Now may be the right time to play catch up for any individuals who’ve neglected their pension savings in recent years or have relied solely on their employer’s scheme to provide for them in retirement.
The new pension freedoms have provided a fresh incentive to save for retirement. Unlimited access without the need to buy an annuity and the inheritability of pension wealth are just some of the reasons why some people have rekindled their interest in pensions.
This could open up a new seem of individuals looking at ways to maximise their pension contributions. And it may be an opportunity to move some of their existing savings into a more tax efficient home.
Best of both worlds
The new pension freedoms won’t be available to defined benefit (DB) scheme members. But they could still enjoy the best of both worlds – the guarantee and income security of the DB promise and also using carry forward to save extra into a defined contribution (DC) pension, giving them access to the full range of income options and immediate access from age 55.
Having a secure base line income to cover essential expenditure items but with a fully flexible pot that can be accessed at any time to meet those one-off costs is an ideal scenario.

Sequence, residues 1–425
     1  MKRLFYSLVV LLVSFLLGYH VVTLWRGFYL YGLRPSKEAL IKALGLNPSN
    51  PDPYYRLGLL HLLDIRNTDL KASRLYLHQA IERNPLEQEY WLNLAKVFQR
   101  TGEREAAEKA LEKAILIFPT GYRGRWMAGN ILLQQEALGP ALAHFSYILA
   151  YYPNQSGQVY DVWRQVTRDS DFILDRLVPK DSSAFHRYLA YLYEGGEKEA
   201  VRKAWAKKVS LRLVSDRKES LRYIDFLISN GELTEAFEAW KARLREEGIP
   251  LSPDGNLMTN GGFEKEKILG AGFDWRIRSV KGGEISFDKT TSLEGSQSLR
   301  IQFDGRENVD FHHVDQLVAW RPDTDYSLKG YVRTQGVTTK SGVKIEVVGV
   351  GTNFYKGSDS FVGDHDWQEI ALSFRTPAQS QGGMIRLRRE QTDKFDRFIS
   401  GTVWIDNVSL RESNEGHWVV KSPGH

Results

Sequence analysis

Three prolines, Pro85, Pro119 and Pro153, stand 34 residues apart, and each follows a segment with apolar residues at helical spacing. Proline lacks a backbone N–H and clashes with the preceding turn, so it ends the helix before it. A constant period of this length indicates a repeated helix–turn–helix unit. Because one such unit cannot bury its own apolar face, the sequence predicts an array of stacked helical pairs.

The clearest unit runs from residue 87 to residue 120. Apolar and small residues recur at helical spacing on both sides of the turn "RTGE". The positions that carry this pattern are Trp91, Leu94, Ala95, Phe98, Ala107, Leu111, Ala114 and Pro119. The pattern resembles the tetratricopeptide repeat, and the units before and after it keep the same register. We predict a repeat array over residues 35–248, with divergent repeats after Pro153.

Going back to carry forward
Using ‘carry forward’ can allow individuals to catch up on contributions from earlier years and allow them to build up a fund which will allow unrestricted access after age 55, with opportunities to pass their wealth to future generations in a tax efficient way.
Unused allowances can be carried forward for up to three years provided the individual was a member of a registered pension scheme in those years. There’s no requirement to have made a payment, nor even have any earnings, during a tax year in order to carry forward from it.
Some individuals could enjoy pension payments as large as £230k, without having any annual allowance tax charge. This can be done by combining the maximum carry forward amount with the current year’s allowance and bringing forward the allowance for 2015/16.
Of course to make a personal contribution of that size also requires earned income to also be at least £230k for the tax year it is to be paid in. This leaves funding of these amounts open mainly to business owners who can redirect business profits towards their pensions instead of paying as salary or dividends. Something we will look at in more detail in a future insight.
Many clients will have neither the salary nor available allowance to pay as much as £230k this tax year. But there may still be enough scope to give their pension savings a welcome boost.
What about carry forward and DB members?
Many high earning public sector workers, including doctors, dentists, lecturers and senior civil servants may have been hit with pay freezes in recent years. Even in the private sector pay has typically been lagging behind inflation.
But this could actually mean there may be a pleasant surprise for some DB members in terms of how much more they may be able to pay because of the way their unused allowance is calculated.